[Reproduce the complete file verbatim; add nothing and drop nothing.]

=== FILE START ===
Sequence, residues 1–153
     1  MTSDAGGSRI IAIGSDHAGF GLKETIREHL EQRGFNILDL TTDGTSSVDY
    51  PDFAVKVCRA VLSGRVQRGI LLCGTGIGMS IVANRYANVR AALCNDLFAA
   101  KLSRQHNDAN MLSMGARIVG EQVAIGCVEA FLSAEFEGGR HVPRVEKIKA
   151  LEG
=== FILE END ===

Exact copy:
Sequence, residues 1–153
     1  MTSDAGGSRI IAIGSDHAGF GLKETIREHL EQRGFNILDL TTDGTSSVDY
    51  PDFAVKVCRA VLSGRVQRGI LLCGTGIGMS IVANRYANVR AALCNDLFAA
   101  KLSRQHNDAN MLSMGARIVG EQVAIGCVEA FLSAEFEGGR HVPRVEKIKA
   151  LEG